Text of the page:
Each month the BLS produces the Job Openings and Labor Turnover (JOLTs) report, which reports data on the degree and methods of how workers change jobs and where shortfalls exist. At the end of November 2022, public and private employers reported 10.5 million open positions compared to 11.1 million last year. This is progress, but employers are still adding payroll and associated support to address expected demand. Statistically speaking, every one of the 5.5m people looking for a job has 1.9 open positions to consider, unchanged from the 1.9 open positions twelve months ago.
Soft data reflects the same. November’s consumer confidence survey from The Conference Board showed that 48% of consumers think jobs are plentiful and 13% think jobs are hard to get. In a survey earlier in 2022, the most cited reason for quitting and changing roles is wage stagnation against rising living costs. With workers in such short supply they can demand higher wages, especially those changing jobs
While job openings overall are slowly declining, those industries experiencing growth in open jobs are primarily service-based that rely on a robust labor pool. Complicating matters is the slower growth of the labor force over the last few years. According to the Fed, the labor pool is short about 3.5 million workers compared to what pre-2020 trends might have suggested. Blame sluggish population growth over the last few years, with COVID accelerating declining birthrate and rising death rate trends, immigration policy logjams, and two million early retirements.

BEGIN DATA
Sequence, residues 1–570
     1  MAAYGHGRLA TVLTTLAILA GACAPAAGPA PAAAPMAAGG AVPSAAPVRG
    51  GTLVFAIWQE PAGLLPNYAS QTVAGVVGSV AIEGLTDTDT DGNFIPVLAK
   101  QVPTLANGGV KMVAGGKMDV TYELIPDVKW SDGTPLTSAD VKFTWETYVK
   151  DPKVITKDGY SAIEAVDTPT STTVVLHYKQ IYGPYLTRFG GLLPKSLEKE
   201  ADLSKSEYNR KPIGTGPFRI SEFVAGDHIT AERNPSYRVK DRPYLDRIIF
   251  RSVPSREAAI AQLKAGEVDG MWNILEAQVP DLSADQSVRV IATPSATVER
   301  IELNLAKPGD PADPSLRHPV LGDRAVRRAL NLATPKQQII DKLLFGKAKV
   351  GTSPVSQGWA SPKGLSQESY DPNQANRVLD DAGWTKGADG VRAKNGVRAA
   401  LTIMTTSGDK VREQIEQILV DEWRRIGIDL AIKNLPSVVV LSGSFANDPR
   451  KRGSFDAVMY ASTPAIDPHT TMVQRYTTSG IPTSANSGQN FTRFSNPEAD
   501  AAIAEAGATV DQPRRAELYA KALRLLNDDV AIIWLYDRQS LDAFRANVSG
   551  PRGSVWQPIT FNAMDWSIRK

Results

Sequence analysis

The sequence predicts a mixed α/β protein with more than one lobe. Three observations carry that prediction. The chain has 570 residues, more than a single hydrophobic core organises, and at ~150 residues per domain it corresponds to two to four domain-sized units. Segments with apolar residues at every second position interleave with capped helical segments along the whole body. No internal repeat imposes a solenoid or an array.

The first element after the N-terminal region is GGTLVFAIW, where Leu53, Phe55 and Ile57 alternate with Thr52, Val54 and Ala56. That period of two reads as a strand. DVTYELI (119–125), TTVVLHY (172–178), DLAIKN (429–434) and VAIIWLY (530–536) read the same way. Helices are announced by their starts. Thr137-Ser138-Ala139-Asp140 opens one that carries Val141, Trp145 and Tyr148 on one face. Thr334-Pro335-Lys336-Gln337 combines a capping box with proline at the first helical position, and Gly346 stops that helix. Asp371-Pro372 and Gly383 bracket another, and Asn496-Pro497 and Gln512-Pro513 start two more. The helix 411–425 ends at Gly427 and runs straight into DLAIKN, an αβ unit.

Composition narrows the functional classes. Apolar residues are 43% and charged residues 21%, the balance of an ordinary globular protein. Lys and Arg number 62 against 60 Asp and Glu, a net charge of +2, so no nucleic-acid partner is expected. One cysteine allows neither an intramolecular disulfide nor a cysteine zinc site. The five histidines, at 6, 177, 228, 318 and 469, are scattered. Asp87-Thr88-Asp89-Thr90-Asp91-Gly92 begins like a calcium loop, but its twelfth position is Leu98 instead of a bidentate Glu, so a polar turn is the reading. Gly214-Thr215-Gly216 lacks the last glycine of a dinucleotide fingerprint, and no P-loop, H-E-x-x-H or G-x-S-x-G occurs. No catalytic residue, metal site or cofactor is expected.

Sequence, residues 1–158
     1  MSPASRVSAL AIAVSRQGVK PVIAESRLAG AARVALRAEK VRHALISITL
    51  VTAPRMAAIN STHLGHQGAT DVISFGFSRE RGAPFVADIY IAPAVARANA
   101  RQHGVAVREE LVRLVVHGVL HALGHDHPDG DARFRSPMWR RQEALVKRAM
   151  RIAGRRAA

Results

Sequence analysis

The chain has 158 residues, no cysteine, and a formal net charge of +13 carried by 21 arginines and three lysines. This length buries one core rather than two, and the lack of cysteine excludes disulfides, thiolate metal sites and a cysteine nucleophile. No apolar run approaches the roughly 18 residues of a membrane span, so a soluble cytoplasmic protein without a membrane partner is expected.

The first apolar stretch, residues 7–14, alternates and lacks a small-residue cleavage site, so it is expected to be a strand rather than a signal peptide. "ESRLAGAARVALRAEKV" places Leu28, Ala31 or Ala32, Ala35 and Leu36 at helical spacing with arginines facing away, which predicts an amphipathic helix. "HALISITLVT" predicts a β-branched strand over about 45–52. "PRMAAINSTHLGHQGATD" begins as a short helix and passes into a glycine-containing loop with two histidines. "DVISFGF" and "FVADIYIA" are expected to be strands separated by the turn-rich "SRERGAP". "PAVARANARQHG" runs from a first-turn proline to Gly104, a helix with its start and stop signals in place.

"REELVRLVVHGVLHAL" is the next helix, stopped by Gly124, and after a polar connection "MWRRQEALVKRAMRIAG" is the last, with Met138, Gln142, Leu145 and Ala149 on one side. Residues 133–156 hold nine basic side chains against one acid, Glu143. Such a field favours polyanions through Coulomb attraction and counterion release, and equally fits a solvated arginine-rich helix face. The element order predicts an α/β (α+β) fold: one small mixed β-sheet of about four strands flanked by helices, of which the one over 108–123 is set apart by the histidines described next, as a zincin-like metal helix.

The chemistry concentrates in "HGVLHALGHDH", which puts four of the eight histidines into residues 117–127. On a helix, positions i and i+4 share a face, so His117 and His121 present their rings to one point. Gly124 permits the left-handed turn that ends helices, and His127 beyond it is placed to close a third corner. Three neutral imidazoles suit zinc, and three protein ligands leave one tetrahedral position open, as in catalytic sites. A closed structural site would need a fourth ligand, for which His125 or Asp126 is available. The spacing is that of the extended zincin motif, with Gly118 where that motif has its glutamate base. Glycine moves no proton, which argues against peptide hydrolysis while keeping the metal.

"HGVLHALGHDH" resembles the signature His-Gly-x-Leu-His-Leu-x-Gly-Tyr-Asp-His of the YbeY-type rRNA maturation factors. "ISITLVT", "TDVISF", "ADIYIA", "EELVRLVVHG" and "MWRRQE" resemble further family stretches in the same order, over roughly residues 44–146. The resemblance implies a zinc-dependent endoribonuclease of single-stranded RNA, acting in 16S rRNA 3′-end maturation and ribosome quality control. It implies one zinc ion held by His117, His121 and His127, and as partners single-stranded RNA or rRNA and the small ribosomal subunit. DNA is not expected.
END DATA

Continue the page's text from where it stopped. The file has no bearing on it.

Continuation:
Initial jobless claims
Produced weekly by the Department of Labor (DOL), initial jobless claims track those newly unemployed filing for benefits for the first time. The most recent figure showed 204,000, lower than last month, about the same as last quarter, but higher than earlier this year. In other words, jobless claims are slowly and inconsistently moving higher. A partial explanation may come from employers who are hesitant to shed employees given the expense of finding and training new team members compared to keeping them on the payroll in the face of continuing demand.
Continuing claims track those past their first week who remain unemployed. The last weekly figure showed 1.69 million, higher than the previous month and quarter but lower than last year. The duration of unemployment is also declining, with employees out of work for fewer than 26 weeks growing as a percentage of the labor force and those unemployed more than 26 weeks nearly cut in half, becoming a smaller portion of the unemployed. Separated employees find new employment faster than before because many open positions still need to be filled.
All this data suggests inflation pressures remain daunting and not easily suppressed. Despite 4.25% in interest rate increases in 2022, the Fed has yet to begin to dent demand. It has been vocal about controlling inflation and overpowering the desire to pull back prematurely. The continuing strength of the labor market shows it still has more work to do.